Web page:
Partly reflecting a steep drop in energy prices, the Labor Department released a report on Wednesday showing U.S. producer prices fell by more than expected in the month of December.
The Labor Department said its producer price index for final demand declined by 0.5 percent in December after inching up by a revised 0.2 percent in November.
Economists had expected producer prices to edge down by 0.1 percent compared to the 0.3 percent increase originally reported for the previous month.
The report also showed the annual rate of producer price growth slowed to 6.2 percent in December from 7.3 percent in November. The year-over-year growth was expected to slow to 6.8 percent.
The bigger than expected monthly decrease in producer prices came as energy prices plummeted by 7.9 percent in December after plunging by 3.2 percent in November. The steep drop largely reflected a 13.4 percent nosedive by gasoline prices.
The report also showed a sharp pullback in food prices, which tumbled by 1.2 percent in December after surging by 3.3 percent in November.
Meanwhile, the Labor Department said prices for services inched up by 0.1 percent in December after rising by 0.2 percent in the previous month.
The uptick in prices for services came as a 0.3 percent increase in prices for trade services was partly offset by a 0.2 percent dip in prices for transportation and warehousing services.
Excluding prices for food, energy and trade services, producer prices crept up by 0.1 percent in December after climbing by 0.3 percent in November.
“The downside surprise in the December PPI report reaffirms our expectations for headline PPI inflation to cool markedly in the months ahead, though much of latest decline can be attributed to the volatile final demand for energy, tempering some of the positive news,” said Matthew Martin, U.S. Economist at Oxford Economics.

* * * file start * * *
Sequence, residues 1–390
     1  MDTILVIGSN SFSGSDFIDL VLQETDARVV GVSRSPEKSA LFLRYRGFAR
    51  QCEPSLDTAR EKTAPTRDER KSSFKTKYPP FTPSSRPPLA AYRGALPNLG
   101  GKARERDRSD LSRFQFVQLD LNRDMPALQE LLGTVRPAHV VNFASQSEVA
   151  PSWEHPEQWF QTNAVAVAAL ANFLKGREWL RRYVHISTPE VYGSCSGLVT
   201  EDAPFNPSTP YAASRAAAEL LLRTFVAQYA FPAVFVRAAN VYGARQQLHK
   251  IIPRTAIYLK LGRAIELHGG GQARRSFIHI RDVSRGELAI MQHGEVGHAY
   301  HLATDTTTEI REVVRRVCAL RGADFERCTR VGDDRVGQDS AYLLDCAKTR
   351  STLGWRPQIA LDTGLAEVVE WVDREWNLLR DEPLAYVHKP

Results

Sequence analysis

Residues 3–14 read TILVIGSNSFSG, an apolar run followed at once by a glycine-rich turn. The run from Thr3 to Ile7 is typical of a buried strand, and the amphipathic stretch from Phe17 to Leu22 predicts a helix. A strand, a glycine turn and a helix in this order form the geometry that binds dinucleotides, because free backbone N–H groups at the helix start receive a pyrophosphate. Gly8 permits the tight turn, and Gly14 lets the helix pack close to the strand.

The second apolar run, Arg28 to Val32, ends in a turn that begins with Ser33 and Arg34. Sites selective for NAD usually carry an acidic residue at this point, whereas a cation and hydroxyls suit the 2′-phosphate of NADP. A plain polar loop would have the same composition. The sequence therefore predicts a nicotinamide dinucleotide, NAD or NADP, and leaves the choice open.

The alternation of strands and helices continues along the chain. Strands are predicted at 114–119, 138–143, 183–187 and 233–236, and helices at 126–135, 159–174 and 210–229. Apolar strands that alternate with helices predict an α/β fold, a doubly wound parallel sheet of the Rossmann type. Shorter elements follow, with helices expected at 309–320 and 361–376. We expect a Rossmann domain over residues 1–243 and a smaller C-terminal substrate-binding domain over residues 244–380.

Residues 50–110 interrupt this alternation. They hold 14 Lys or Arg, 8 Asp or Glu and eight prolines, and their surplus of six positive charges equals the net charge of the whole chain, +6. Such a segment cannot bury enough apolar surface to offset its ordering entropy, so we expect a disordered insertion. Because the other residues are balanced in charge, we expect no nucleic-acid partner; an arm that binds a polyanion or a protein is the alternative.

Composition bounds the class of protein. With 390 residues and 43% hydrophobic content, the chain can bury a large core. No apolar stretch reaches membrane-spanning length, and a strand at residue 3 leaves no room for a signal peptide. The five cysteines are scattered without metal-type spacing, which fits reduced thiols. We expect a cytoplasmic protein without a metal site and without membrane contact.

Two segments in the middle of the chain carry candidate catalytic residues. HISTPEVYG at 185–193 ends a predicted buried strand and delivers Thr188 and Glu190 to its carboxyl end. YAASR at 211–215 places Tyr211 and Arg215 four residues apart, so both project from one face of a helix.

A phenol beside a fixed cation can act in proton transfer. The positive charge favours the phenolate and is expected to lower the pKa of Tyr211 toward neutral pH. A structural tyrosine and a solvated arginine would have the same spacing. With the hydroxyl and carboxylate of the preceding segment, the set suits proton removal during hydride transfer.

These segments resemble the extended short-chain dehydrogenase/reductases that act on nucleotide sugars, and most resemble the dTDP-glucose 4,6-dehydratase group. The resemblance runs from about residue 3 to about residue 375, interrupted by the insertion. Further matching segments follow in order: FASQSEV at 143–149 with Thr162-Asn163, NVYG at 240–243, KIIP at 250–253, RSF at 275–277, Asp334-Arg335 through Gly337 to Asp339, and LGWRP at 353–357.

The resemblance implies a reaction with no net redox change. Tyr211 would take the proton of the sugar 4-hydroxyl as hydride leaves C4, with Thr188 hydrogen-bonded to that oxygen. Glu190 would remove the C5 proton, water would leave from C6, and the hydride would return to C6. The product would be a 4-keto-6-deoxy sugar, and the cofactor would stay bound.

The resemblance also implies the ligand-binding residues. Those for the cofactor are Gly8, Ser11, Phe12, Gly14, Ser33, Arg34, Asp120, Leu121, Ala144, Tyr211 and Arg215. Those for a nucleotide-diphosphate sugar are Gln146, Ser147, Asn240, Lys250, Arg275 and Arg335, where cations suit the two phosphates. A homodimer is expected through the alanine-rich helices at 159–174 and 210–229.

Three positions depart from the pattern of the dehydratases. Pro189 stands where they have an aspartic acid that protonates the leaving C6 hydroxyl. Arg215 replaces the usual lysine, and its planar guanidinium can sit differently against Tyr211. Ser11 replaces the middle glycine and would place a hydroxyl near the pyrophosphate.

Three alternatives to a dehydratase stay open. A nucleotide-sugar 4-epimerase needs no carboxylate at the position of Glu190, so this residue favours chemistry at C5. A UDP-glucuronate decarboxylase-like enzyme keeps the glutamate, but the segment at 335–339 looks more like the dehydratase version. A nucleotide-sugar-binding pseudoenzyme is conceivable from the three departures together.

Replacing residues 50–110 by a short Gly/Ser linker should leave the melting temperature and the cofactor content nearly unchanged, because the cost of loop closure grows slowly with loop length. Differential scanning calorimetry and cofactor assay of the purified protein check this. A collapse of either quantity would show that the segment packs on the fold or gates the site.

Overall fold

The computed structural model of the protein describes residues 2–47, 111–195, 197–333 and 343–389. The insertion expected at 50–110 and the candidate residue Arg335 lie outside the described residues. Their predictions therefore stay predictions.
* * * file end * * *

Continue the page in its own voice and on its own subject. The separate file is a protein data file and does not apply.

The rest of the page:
He added, “We do not expect outright year-over-year declines to the headline index in 2023, but inflation should fall below the 2% mark by the second quarter of the year.”
Last Thursday, the Labor Department released a separate report showing a modest decrease in U.S. consumer prices in the month of December.
The Labor Department said its consumer price index edged down by 0.1 percent in December after inching up by 0.1 percent in November. Economists had expected consumer prices to come in unchanged.
The report also showed the annual rate of consumer price growth slowed to 6.5 percent in December from 7.1 percent in November, in line with expectations. The annual growth was the slowest since October 2021.
Excluding food and energy prices, core consumer prices rose by 0.3 percent in December following a 0.2 percent uptick in November. The increase matched economist estimates.
The annual rate of core price growth slowed to 5.7 percent in December from 6.0 percent in November. The year-over-year growth was also in line with expectations.